What Is a Correlation?
Correlation is a statistical term. It describes how much two variables change their values in coordination with each other. If the values of two variables move in the same direction, that means those variables have a positive correlation. If the values move in opposite directions, that means they have a negative correlation. Otherwise, if the values change without any coordination, then there is no correlation between those two variables.
What we can understand by looking at the Correlation Coefficient?
The correlation coefficient numerically expresses the degree of coordination between two variables. The correlation coefficient’s values range between -1.0 and +1.0.
When the correlation coefficient is exactly 1, it is called “perfect positive correlation”. You can read more about it from this link. Basically, this means, when one value of a variable moves, up or down, the other variable’s value also moves in lockstep, in the same direction.
When the correlation coefficient is exactly -1, it means “perfect negative correlation”. Follow this link to read more about it. This means two assets move in opposite directions.
When the correlation coefficient is 0, that means no linear relationship between the variables at all.
How Correlations can be used in Finance?
We can use Correlations to forecast future trends. That means we can acquire the maximum advantage of investment while managing the risks. Correlations between assets can be easily calculated using various software programs and services. Correlations play an important role in the creation and pricing of complex financial instruments such as derivatives. Read more about derivatives from this link.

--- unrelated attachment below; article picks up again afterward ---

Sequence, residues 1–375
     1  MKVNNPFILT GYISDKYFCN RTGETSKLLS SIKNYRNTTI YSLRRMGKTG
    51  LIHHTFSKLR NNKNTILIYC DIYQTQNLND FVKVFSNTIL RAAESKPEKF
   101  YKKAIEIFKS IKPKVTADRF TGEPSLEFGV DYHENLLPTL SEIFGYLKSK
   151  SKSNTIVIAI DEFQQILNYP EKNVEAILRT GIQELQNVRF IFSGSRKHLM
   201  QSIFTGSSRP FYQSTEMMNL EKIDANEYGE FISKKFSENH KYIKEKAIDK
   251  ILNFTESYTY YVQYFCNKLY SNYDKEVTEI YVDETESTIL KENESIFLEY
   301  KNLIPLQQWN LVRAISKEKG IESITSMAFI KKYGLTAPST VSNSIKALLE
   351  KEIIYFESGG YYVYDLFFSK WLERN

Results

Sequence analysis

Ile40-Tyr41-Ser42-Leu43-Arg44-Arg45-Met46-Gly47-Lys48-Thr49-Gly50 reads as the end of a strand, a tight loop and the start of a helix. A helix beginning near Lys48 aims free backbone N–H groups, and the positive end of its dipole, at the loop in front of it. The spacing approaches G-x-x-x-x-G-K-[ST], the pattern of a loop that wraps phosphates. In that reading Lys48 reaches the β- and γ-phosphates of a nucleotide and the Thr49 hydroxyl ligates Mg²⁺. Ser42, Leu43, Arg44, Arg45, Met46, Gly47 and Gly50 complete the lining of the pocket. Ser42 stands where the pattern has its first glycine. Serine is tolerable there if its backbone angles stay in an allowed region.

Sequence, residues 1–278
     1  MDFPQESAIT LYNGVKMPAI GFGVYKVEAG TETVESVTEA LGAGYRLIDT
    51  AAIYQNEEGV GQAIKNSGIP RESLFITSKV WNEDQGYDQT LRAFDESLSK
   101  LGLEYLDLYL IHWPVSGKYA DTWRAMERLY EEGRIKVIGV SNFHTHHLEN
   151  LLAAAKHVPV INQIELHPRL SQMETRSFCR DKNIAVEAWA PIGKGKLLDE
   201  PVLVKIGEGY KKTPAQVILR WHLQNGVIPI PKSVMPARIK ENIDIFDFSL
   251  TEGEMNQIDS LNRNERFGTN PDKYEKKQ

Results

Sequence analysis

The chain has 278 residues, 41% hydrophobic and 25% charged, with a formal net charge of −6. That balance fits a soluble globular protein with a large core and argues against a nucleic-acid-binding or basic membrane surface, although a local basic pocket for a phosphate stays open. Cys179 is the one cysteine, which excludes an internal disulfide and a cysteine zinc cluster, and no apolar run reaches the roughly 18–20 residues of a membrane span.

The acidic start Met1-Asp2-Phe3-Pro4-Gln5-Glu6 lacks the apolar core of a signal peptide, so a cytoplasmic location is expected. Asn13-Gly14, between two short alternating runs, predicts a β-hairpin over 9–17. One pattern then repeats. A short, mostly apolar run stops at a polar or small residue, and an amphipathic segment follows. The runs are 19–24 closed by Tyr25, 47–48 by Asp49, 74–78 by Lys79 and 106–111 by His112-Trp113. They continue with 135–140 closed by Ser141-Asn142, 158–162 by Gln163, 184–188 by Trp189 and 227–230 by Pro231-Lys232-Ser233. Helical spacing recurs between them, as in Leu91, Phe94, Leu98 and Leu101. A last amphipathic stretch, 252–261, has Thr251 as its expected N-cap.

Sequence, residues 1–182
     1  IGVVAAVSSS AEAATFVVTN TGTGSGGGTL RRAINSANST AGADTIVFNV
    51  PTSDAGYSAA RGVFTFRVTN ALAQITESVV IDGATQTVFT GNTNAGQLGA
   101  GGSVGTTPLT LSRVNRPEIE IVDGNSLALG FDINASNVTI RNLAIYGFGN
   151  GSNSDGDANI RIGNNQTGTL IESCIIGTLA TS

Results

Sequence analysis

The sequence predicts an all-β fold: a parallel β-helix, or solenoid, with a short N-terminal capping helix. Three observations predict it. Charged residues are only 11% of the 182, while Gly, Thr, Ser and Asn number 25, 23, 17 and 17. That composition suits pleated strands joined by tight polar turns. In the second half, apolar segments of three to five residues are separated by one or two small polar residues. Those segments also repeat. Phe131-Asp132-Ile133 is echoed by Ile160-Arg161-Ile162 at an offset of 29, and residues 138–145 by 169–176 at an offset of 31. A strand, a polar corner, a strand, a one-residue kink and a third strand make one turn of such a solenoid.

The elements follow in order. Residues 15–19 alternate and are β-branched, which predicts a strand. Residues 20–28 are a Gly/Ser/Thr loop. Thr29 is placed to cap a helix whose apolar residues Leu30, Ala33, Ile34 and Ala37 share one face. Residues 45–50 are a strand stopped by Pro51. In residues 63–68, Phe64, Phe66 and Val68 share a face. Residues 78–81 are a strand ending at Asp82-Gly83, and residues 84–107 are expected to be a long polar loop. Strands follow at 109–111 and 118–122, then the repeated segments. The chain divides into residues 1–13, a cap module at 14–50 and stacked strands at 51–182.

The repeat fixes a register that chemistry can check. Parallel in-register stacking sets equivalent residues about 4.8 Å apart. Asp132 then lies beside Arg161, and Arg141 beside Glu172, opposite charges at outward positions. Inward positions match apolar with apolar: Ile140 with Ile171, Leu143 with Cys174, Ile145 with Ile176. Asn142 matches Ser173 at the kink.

Apart from that, a portfolio manager of a company can reduce their risk by ensuring that the individual assets within the company are not overly correlated with one another. So that sudden drop in the value of an asset may not affect other assets or portfolios of the company.
How to Calculate Correlation Coefficient?
Here is a simple example to understand how it is calculated.
X: (20, 30, 50, 40, 10, 70, 90)
Y: (90, 60, 50, 30, 80, 20, 60)
Use the following steps to calculate the correlation coefficient:
SUM(X) = (20 + 30 + 50 + 40 + 10 + 70 + 90) = 310
SUM(Y) = (90 + 60 + 50 + 30 + 80 + 20 + 60) = 390
SUM(X,Y) = (20 x 90) + (30 x 60) + (50 x 50) + … (90 x 60) = 14900
Then take each X and Y value, square it, and sum up all these values:
SUM(X^2) = (20^2) + (30^2) + (50^2) + … (90^2) = 18500
SUM(Y^2) = (90^2) + (60^2) + (50^2) + … (60^2) = 25500
The following equation can be used to find the correlation coefficient, r:
r = Correlation coefficient
n = Number of observations
In this example, the correlation would be:
r = 7 x (14900 – (310 x 390)) / SquareRoot((7 x 18500 – 310^2) x (7 x 25500 – 390^2)) = -0.5590
This means X and Y variables are correlated slightly negatively. But it is not good enough to take any decision about the relationship between these two variables. If we get a value between 0.8 and 1 or -0.8 and -1 then it can be considered as a good correlation between the two variables
As mentioned above, correlation plays an important role in finance. It can be used to understand future trends in investment opportunities and risk management. There are various software products and services available to calculate the correlation coefficient. Along with other statistical concepts, you can use this strategy to analyse your future investment opportunities and to handle the risk factors.